Zika can be spread from the male partner to the female via sexual intercourse. If you partner has traveled to a Zika-endemic area, use a condom correctly from start to finish, every time you have vaginal, anal, and oral (mouth-to-penis) sex, or abstain from sex. If you are actively trying to get pregnant, your partner should avoid travel to Zika prone areas. If he must travel, he should use all protections against mosquito bites while there, and you should talk with your doctor before you try to get pregnant or if you are pregnant. This is the case even if he does not feel sick. Tell your doctor if he shows symptom of fever, rash, or conjunctivitis (pink eye).
For years, pregnant women have avoided exposure to chemicals, and many have chosen to not use commercial insect repellents. Zika may be changing that. The CDC recommends women considering pregnancy or who are pregnant use an insect repellent containing DEET, picaridin, IR3535, oil of lemon eucalyptus, or para-menthane-diol. But are they safe for pregnant women?
The truth is that there has not been a lot of research on the long-term effects of DEET insect repellents on pregnant women and fetuses. In one report published in in the journal Parasites & Vectors in 2014, researchers looked at many studies of DEET safety, and only one study, from 2001, specifically looked at DEET use during pregnancy in humans. This study, as well as others that looked at mammals in general, found that DEET can cross the placenta, but they did not find problems in the babies.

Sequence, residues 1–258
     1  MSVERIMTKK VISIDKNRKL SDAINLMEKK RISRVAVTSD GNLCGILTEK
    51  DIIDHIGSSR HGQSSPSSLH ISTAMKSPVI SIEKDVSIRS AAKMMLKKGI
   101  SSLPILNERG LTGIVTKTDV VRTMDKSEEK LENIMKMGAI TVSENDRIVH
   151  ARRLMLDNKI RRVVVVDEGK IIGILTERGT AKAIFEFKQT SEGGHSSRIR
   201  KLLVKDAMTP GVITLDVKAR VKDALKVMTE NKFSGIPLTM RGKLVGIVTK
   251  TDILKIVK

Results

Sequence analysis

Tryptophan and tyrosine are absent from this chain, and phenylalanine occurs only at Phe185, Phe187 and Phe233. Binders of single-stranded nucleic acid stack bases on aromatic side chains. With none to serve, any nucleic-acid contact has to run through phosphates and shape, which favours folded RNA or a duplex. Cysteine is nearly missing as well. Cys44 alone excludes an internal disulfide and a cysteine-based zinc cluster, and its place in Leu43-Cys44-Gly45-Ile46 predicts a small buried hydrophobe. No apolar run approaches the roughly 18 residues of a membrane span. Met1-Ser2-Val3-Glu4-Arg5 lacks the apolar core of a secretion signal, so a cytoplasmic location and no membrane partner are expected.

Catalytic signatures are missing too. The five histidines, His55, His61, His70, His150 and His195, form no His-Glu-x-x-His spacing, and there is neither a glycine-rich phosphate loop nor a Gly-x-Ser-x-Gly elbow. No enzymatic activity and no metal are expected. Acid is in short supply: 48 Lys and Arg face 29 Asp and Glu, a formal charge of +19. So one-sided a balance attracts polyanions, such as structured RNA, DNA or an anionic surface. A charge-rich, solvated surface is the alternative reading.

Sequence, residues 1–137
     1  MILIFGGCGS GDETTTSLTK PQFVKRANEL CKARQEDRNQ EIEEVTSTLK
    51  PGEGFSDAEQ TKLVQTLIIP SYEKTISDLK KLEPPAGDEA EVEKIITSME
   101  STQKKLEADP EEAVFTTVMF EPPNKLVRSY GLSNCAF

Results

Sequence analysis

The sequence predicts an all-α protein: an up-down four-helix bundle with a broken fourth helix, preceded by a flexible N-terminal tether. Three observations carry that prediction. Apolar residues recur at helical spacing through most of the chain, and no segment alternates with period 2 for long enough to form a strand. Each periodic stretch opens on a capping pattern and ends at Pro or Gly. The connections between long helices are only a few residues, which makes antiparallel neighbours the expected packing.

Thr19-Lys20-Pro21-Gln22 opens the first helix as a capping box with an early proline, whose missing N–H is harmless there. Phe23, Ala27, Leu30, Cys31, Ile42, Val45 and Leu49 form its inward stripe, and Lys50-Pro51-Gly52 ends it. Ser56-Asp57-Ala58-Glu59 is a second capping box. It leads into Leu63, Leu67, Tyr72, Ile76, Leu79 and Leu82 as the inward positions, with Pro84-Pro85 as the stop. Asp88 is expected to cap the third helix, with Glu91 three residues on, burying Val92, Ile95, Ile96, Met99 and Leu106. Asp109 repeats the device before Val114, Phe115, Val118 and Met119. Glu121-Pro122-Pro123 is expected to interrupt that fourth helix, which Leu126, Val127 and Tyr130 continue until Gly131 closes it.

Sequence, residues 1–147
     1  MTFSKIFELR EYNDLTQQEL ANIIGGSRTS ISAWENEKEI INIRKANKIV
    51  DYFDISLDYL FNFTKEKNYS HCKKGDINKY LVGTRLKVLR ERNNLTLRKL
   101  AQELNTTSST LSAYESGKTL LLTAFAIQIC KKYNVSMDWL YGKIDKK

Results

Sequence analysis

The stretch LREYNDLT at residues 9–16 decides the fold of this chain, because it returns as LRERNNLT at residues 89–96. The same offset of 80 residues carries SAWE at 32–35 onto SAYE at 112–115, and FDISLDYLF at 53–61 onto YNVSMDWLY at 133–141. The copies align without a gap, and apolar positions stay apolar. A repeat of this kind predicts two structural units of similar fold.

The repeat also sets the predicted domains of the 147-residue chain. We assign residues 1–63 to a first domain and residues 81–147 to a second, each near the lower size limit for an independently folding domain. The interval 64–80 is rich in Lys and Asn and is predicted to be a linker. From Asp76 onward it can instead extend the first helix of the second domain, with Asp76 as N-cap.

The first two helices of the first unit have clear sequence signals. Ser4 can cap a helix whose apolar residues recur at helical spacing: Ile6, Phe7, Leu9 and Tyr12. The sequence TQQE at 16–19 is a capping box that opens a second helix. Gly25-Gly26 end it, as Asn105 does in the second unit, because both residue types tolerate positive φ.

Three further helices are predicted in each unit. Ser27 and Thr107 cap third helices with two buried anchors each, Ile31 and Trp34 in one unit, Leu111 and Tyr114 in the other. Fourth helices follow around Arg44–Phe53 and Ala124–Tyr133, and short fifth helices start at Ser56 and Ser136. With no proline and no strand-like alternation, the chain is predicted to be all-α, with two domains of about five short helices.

The other ingredients (picaridin, IR3535, oil of lemon eucalyptus, and para-menthane-diol) have been studied even less, especially in pregnant women.
Even with the lack of research, experts are clear that for women trying to get pregnant now who may be exposed to mosquitos carrying Zika, the risk to their babies from exposure to Zika is greater than any possible risk from insect repellents. The CDC says: “When used as directed, EPA-registered insect repellents are proven safe and effective, even for pregnant …women.”